Determination of skin sensitization potential is a critical toxicological endpoint in the safety assessment of novel chemicals. Although the Guinea Pig Maximization Test (GPMT) and in vivo Local Lymph node assay (LLNA) have traditionally been used to assess skin sensitization, recent activity has focused on the development of novel alternative assays for the endpoint.
As a culmination of these efforts, the Organization for Economic Cooperation and Development (OECD) published the following test guidelines for non-animal skin sensitization testing on 5 February 2015: ARE-Nrf2 Luciferase Test Method (also referred to as the KeratinoSensTM Assay (OECD TG 442D) and Direct Peptide Reactivity Assay (DPRA) (OECD TG 442C). IIVS offers these two OECD-approved methods for non-animal skin sensitization testing, the KeratinoSensTM and DPRA methods, as part of our in vitro and in chemico laboratory testing services.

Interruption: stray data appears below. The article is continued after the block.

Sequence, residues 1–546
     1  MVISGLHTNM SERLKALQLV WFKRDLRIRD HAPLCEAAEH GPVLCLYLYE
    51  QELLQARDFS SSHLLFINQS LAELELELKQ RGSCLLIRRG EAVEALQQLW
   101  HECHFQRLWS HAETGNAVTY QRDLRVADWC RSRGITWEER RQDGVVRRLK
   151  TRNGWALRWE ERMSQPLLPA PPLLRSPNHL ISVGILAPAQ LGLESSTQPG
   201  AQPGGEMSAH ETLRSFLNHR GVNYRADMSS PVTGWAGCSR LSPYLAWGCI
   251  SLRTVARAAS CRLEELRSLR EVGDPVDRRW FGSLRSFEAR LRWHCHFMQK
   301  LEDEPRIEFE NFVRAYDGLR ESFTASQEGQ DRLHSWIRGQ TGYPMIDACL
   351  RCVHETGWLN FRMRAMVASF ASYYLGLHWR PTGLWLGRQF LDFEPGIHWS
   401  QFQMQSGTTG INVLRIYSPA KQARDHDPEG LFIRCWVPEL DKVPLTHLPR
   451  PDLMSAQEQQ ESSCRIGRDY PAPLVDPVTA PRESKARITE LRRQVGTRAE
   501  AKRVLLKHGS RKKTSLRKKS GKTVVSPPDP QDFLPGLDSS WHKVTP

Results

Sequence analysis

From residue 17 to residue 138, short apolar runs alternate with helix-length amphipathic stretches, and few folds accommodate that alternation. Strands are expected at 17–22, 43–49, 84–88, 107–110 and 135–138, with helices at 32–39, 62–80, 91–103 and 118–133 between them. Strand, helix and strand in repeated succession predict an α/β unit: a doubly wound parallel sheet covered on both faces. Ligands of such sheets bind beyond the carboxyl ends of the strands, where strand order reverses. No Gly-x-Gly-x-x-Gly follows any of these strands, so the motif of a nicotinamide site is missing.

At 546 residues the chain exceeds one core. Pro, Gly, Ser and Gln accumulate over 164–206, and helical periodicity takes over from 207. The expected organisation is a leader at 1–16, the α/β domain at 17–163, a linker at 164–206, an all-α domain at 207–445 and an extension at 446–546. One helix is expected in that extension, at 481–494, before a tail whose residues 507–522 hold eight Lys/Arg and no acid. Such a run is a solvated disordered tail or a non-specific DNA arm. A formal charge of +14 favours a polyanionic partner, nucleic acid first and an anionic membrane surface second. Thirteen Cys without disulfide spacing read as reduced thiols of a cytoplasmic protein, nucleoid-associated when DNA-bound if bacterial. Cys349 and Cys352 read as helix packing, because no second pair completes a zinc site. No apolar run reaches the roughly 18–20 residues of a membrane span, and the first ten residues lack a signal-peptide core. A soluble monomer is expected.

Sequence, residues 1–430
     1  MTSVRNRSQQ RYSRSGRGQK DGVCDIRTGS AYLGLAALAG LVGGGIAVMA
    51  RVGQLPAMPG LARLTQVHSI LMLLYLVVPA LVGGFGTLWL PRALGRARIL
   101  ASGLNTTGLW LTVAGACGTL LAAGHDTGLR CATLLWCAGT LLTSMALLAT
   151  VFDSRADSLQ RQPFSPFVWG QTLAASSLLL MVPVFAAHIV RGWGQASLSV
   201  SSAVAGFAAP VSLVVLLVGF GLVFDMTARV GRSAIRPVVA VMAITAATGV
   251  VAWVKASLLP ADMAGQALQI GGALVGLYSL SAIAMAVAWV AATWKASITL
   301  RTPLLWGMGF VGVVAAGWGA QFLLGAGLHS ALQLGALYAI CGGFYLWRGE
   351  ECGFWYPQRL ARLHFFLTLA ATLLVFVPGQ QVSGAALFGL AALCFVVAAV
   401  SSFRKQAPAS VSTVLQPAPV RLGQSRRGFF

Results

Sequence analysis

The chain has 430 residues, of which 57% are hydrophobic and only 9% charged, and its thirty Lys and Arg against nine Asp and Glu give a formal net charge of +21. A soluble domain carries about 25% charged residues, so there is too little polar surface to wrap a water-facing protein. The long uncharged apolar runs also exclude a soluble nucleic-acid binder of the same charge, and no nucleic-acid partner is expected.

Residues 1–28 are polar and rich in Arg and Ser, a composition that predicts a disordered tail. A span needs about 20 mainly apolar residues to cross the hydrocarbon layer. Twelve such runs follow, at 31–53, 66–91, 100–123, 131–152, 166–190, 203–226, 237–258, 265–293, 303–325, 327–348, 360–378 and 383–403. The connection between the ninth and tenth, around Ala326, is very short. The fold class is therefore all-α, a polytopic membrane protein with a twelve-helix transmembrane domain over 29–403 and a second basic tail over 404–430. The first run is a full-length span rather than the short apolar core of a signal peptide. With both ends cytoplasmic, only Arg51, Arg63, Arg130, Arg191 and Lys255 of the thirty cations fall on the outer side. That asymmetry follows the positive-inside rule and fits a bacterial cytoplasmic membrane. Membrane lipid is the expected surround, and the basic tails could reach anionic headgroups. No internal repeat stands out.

Given the complex cascade of events leading to skin sensitization, it is generally thought that an integrated testing approach combining multiple assays and in silicopredictive tools will be needed to fully replace the animal based methods. There is a significant effort underway to ascertain how the non-animal assays may be combined to both qualitatively and quantitatively assess skin sensitization most effectively.
Additionally, we are in the process of transferring the h-CLAT (human Cell Line Activation Test) to our lab and plan to offer the test as a commercial service in 2016. We have participated in the validation of the LuSens assay and the KeratinoSens™ assay, which are ARE-reporter gene assays.
Please contact us for information on these skin sensitization assays and how they may be used as part of an integrated testing strategy within your existing testing program.